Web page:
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Screenreaders and how they behave

From: Simon White <simon.white@jkd.co.uk>
Date: Wed, 10 Jul 2002 14:39:47 +0100
Message-ID: <FDFC0668A850D246BC4231715D94904E0CDCF8@uranus.jkd.co.uk>
To: "WAI List (E-mail)" <w3c-wai-ig@w3.org>

Dear All,
My boss has posed an interesting conundrum regarding screenreaders and as neither of us are visually-impaired to the degree that we use screenreaders every day, I feel that the only people who can answer this for us are those who actually do use them all the time.

I have copied his comments to me to this list in the hope that someone can answer this conundrum for me. I thank you all in advance.

Kind regards to all
Simon

Comments:
While sites obviously pass all guidelines, they don't actually appear to be practical for blind people to use with screenreaders. I looked at a number of other sites and many of these problems are replicated across all of them.

My particular concern is with forms - the screenreader races through the boxes reading things like 'name, text, address, text... etc. Now I appreciate that I am not completely blind, but it was difficult enough to halt the screenreader at the right time when I could see where each box was. I can only imagine what it would be like if you couldn't see the prompts.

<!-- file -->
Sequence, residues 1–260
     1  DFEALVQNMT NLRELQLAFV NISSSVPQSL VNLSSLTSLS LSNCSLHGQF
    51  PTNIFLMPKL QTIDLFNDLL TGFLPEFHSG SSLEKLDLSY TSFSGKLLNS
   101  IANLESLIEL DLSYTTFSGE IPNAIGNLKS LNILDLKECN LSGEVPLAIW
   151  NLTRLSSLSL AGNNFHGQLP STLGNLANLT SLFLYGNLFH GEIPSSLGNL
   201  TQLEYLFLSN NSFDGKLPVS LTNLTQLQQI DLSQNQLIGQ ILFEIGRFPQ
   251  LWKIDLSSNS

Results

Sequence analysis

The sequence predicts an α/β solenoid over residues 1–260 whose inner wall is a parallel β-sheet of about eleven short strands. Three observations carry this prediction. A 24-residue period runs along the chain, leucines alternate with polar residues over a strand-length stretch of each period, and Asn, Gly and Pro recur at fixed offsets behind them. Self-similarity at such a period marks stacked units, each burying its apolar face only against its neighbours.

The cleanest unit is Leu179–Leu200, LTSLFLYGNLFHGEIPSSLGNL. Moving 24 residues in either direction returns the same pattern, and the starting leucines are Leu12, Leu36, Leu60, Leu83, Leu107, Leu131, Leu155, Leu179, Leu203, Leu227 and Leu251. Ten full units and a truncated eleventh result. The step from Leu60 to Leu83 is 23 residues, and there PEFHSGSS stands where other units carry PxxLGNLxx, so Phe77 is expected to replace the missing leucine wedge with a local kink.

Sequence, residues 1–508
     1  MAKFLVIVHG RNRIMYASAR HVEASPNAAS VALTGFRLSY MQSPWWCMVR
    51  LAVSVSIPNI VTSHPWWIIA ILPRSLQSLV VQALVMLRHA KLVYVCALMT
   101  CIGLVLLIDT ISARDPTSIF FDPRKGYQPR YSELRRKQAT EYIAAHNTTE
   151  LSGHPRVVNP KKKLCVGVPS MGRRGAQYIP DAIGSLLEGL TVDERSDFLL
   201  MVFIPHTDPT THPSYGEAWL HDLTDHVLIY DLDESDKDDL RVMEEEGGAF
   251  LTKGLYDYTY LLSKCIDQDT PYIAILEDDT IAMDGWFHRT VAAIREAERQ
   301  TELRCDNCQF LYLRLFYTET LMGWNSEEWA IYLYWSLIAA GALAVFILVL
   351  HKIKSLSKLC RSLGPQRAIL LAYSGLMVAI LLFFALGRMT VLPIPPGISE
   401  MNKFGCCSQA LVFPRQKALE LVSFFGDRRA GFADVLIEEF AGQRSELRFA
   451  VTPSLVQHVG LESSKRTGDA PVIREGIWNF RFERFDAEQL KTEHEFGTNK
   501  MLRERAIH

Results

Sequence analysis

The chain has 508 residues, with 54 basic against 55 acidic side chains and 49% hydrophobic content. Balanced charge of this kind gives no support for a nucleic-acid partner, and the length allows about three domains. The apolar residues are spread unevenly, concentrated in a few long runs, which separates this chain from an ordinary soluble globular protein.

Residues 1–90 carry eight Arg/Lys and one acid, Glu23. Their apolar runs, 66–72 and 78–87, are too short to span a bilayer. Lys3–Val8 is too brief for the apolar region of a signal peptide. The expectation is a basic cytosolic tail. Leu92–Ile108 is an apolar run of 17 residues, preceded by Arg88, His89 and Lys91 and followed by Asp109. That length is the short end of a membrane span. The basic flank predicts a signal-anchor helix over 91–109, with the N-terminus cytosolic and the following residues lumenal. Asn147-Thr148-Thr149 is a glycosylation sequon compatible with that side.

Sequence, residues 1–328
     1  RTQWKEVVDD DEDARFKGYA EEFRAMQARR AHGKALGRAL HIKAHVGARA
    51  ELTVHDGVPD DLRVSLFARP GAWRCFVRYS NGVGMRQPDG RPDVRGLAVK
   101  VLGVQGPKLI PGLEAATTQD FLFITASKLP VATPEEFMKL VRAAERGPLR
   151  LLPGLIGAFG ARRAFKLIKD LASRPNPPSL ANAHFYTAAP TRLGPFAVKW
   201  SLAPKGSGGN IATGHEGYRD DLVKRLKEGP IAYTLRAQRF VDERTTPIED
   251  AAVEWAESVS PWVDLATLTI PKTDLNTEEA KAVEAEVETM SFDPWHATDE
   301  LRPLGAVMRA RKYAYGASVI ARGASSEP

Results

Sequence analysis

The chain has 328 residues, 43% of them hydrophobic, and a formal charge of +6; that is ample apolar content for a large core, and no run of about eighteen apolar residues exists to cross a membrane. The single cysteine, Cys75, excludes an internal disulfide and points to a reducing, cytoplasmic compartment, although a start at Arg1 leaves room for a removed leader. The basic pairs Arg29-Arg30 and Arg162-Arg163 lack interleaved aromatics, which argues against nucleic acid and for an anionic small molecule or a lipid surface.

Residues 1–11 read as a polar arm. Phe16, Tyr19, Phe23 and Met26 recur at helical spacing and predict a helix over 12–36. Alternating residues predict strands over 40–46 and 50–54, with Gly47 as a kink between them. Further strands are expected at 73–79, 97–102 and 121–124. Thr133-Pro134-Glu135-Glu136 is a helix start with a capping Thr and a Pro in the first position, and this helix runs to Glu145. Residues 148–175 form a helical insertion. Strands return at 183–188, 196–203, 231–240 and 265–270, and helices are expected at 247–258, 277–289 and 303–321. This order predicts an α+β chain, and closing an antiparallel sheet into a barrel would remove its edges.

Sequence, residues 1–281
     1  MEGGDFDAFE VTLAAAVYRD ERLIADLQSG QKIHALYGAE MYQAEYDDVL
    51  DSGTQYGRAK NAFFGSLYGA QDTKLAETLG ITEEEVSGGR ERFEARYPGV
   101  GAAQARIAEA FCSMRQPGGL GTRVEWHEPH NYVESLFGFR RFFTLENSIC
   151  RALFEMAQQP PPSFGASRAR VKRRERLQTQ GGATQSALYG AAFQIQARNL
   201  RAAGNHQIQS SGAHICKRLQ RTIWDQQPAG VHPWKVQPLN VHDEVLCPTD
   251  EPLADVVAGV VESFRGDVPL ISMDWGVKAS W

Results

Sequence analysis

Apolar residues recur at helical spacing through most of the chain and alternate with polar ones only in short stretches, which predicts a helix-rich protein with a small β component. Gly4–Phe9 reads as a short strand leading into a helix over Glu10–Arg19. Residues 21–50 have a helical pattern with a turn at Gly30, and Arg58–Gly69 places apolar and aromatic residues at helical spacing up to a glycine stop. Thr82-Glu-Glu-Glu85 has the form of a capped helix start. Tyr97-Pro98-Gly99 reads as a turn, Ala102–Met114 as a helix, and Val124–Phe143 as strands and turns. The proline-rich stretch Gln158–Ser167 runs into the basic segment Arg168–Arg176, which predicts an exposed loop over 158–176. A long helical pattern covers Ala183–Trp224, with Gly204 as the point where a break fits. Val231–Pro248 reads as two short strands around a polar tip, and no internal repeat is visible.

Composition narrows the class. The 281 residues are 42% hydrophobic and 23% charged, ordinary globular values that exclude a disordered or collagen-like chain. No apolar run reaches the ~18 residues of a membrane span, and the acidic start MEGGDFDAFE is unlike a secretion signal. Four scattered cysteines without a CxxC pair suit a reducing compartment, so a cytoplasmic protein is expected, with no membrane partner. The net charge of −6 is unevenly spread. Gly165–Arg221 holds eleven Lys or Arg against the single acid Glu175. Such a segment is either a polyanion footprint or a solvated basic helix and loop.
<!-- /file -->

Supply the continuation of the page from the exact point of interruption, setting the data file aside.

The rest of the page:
As you know, accessible projects will fail if people cannot fill in the forms on a site. Is there any way to get screenreaders to stop at key points, rather than merely delaying them through full stops? I envisage a form where its purpose is explained properly at the outset, then the option given to leave the page or continue with the form, and then the screenreader takes the user through the form explaining what is required and waiting for a user action before moving on. Is this either appropriate or possible?

---
Simon White
Business Solutions
JKD
Westminster Business Square
1-45 Durham Street
London 
SE11 5JH
Tel:  020 7793 9399
Fax: 020 7793 9299
URL:  www.jkd.co.uk
---


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Received on Wednesday, 10 July 2002 09:39:50 GMT

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